Old Glory – Sports Stories


On April 25, 1976, a father and son scurried onto the field at Dodger Stadium in the middle of a game between the Dodgers and Chicago Cubs. They knelt in the outfield grass and unfurled an American flag. The little boy handed his father a lighter, but before the father could set fire to the flag —

Rick Monday came sweeping in. Monday, who was playing center field for the Cubs that afternoon, was a classic All-American type. He was even a local boy, born and raised in LA, grown tall and athletic under that Southern California sun. He was the #1 pick in the first ever Major League Baseball draft.

The incident became a national story, and one particular photograph of Monday sprinting away from the protesters, flag in hand, became an enduring image of baseball and Americana. Monday would go on to play for the Dodgers. He is now a beloved longtime radio announcer for the club.

But who were the father and the son on the field? What brought them to this desperate point? For Rick Monday to save the flag and achieve his place in the folklore of the national pastime, there had to be somebody putting that flag in peril.

William Errol Thomas was 37 years old. He was Native American. He had come to Los Angeles from rural Missouri. The newspaper reports were conflicted — either Thomas was protesting something very broad: the generations of horrible mistreatment of Native Americans; or very specific: his wife’s imprisonment in a mental institution in Missouri against her will.

To my mind both of those causes were worthy ones. But you also don’t burn an American flag in the middle of a major league stadium with your kid by your side unless you have reached a point of some desperation. In a wonderful feature for VICE Sports a few years back, David Davis tracked down members of the Thomas family:

It’s understandable that the Thomas family prefers silence. They have been vilified from the moment they ran onto the field. Even today, they continue to be publicly chastised and shamed. They remain a frustratingly nebulous void—they can be whatever sort of villain an observer wants them to be. The comment section

below a recent re-telling of the story on the website ConservativeVideos.com described them as “two scumbags,” “possibly illegal aliens,” “Muslims,” and “war protesters.” One asked: “Were the names of the two perps Bill Ayers and Bernadine Dorn?”

With their disappearance, with their refusal to address the past, they leave behind questions that seem likely to remain unanswered: What pain and rage led them out on to the field that day, and what did it have to do with that mental institution in Missouri? Why burn an American flag as a method of protest, and why at Dodger Stadium? And, why did a father use his 11-year-old son as an accomplice? In the long silence that followed the moment, there are surely other questions—questions of regret, questions about what it has been like to live with this for 40 years.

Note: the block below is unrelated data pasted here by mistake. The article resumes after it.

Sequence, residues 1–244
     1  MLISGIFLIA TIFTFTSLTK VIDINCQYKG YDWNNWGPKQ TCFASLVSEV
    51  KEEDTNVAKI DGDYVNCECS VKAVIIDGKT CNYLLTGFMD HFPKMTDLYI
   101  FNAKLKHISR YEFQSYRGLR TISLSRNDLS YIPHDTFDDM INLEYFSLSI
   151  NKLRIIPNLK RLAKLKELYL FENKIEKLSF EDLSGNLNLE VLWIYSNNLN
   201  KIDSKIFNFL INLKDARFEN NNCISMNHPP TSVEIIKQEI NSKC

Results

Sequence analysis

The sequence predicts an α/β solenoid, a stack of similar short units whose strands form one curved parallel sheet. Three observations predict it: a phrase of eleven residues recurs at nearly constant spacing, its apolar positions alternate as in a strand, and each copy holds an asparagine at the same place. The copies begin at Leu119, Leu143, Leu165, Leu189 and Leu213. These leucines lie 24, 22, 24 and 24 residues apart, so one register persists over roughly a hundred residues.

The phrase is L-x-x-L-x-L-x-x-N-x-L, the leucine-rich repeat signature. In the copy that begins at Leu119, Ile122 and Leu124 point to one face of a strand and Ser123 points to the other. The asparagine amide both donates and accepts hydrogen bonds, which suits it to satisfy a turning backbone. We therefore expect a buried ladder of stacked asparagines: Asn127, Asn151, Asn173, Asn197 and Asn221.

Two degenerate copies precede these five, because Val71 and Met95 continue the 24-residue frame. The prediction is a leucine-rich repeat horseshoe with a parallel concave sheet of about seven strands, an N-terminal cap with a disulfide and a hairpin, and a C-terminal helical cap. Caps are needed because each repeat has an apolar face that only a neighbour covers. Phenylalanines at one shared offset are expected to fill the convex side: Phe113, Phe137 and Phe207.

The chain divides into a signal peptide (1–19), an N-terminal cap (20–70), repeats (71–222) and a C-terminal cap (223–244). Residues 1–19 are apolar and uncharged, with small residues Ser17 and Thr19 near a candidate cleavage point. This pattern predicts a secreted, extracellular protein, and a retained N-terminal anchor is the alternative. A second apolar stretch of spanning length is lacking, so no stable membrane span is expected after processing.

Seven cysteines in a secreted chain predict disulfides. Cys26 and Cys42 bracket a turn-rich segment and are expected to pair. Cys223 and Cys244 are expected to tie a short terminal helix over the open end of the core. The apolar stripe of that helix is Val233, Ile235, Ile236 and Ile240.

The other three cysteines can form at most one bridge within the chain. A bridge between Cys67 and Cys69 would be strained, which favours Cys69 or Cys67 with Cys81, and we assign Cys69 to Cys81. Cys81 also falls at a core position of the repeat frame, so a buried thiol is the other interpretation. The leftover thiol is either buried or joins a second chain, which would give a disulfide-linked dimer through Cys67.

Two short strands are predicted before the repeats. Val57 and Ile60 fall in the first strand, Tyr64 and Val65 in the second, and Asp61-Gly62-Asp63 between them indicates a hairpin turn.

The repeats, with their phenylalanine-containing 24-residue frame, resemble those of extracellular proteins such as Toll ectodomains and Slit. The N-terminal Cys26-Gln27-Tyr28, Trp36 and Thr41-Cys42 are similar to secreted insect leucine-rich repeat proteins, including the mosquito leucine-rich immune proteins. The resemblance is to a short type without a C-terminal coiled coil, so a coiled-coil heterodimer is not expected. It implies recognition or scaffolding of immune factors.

The thing is, even if they spoke…who would listen? In our country, we have constantly chosen to value the symbol over what the symbol represents: the flag, the anthem, the office, the Confederate statue. We have constantly chosen to cling to comforting mythologies about the past instead of reckoning with the discomfiting present.

William Errol Thomas spent a few days in jail and then, as Davis notes, quickly disappeared from public view. Despite repeated efforts to undermine this particular act of free speech, it’s still legal to burn an American flag in America (though not on the field at Dodger Stadium). To me, this fact is more meaningful and more important than the flag itself.

As we trudge into this 4th of July weekend, let’s look upon the flags and the fireworks and the celebrations of America and all of its Paul Reveres and Abraham Lincolns and Rick Mondays — then turn our attention to the William Errol Thomases; to the desperation that brought us to this very moment in time. Thomas never actually managed to set fire to his flag on the outfield grass at Dodger Stadium, but we’re living in denial if we can’t see it now: flags are burning all over this country, they’ve been aflame for centuries, and pretending otherwise isn’t going to put them out.


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